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  #11  
Old 07-21-2010, 09:45 PM
knucklehead knucklehead is offline
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Default for the record..

a surprising amount of traffic. at odd hours as well. man, sleep was at a minimum, i believe. may have dozed off momentarily. no harm in the name checking. i find it very fitting as well..for multiple reasons, 1 of which is i can and do throw a knuckleball in a knox adult bball league. another reason is i don't always use what few brain cells i have left..guess i don't want to over-work them...

I ,too, am glad i made it out. no way in **** i was calling in a rescue. did lose my rod but got it back today...and no one was stranded this time.
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  #12  
Old 07-22-2010, 04:43 PM
Carlito Carlito is offline
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They always say that those kinda situations creep up on you... nobody expects to get stranded, otherwise you'd just head on out before dusk. Thanks for the reminder about being prepared. I've slacked on remembering my Sure Fire flashlight the last few fishing trips, and a good light will go a long way in that kinda situation.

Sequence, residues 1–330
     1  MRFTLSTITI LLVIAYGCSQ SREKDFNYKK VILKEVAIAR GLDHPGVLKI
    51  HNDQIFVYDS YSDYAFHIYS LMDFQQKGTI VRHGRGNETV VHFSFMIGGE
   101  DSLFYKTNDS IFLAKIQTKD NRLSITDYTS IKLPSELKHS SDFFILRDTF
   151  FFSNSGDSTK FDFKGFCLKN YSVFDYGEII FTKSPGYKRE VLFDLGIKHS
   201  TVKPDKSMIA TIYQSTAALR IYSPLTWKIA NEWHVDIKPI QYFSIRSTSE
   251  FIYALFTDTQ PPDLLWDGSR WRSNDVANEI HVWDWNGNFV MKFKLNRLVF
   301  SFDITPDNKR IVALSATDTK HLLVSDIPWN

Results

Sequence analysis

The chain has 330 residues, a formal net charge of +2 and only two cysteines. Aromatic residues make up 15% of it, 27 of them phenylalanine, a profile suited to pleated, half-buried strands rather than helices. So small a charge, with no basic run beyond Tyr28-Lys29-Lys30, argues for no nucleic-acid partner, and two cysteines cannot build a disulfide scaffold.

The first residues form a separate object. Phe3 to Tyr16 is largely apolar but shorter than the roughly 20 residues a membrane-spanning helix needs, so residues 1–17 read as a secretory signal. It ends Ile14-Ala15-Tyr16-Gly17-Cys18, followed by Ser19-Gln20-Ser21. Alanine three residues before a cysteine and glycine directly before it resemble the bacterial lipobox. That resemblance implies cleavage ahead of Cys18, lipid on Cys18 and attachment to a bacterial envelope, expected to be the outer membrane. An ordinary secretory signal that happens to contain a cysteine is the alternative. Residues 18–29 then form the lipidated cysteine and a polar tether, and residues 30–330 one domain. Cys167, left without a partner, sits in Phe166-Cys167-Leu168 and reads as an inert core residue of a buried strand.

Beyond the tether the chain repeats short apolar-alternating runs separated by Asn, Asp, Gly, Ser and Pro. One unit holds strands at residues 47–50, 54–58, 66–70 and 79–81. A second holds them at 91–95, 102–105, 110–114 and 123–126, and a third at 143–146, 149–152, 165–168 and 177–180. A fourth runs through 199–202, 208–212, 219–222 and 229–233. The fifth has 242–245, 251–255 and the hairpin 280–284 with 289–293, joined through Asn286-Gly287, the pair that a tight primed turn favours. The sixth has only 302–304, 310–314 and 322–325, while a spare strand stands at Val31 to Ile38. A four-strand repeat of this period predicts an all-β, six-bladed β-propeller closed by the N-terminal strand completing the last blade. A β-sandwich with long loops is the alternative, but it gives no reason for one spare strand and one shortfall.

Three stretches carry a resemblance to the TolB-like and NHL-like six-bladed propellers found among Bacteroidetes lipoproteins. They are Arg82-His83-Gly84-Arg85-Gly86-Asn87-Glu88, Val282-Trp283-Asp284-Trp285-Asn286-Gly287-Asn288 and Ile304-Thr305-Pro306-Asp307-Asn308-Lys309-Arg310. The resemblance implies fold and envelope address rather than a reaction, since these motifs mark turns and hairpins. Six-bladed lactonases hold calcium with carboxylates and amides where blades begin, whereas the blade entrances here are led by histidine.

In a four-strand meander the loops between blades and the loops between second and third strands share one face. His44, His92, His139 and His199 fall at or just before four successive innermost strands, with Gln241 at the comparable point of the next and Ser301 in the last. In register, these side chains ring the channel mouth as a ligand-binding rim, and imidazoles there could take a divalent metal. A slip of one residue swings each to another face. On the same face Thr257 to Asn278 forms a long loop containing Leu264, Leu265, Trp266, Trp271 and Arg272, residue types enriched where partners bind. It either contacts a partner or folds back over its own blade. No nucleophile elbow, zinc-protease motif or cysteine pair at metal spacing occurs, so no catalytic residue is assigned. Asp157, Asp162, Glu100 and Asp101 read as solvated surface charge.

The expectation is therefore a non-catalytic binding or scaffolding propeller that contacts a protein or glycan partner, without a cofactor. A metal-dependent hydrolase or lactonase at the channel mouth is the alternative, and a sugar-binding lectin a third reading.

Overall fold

Regarding getting a fire started, I always leave a couple of these Esbit liquid fuel blocks (http://www.esbit.de/index.php?id=105) in my pack, along w/ a lighter, some dryer lint in a ziploc baggy, and a fire striker just in case the lighter gets wet. They light easily with a lighter/small flame off some dryer lint, and they'll burn even if they get wet. Flame usually lasts about 10 minutes, which is plenty of time to get a flame going. We got caught in some VERY soggy weather up on Gregory Bald one weekend while backpacking, and the Esbit tabs were the difference between getting a fire going and sitting around in the dark. You can get them at Blue Ridge for about $10.

Anywho, glad everything worked out in the end!
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  #13  
Old 07-22-2010, 05:33 PM
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NDuncan NDuncan is offline